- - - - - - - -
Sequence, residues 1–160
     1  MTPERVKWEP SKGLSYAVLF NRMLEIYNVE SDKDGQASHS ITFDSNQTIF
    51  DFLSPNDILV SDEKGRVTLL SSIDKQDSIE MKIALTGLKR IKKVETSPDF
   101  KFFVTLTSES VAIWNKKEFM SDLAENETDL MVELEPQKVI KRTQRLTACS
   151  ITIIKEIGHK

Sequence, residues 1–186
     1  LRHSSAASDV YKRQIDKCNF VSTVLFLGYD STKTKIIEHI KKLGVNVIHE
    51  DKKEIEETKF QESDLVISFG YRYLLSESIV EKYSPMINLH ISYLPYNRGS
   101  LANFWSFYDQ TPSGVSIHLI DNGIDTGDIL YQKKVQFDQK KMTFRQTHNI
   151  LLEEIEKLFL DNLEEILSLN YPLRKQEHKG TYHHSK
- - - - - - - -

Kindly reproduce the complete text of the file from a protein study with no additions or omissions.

Sequence, residues 1–160
     1  MTPERVKWEP SKGLSYAVLF NRMLEIYNVE SDKDGQASHS ITFDSNQTIF
    51  DFLSPNDILV SDEKGRVTLL SSIDKQDSIE MKIALTGLKR IKKVETSPDF
   101  KFFVTLTSES VAIWNKKEFM SDLAENETDL MVELEPQKVI KRTQRLTACS
   151  ITIIKEIGHK

Sequence, residues 1–186
     1  LRHSSAASDV YKRQIDKCNF VSTVLFLGYD STKTKIIEHI KKLGVNVIHE
    51  DKKEIEETKF QESDLVISFG YRYLLSESIV EKYSPMINLH ISYLPYNRGS
   101  LANFWSFYDQ TPSGVSIHLI DNGIDTGDIL YQKKVQFDQK KMTFRQTHNI
   151  LLEEIEKLFL DNLEEILSLN YPLRKQEHKG TYHHSK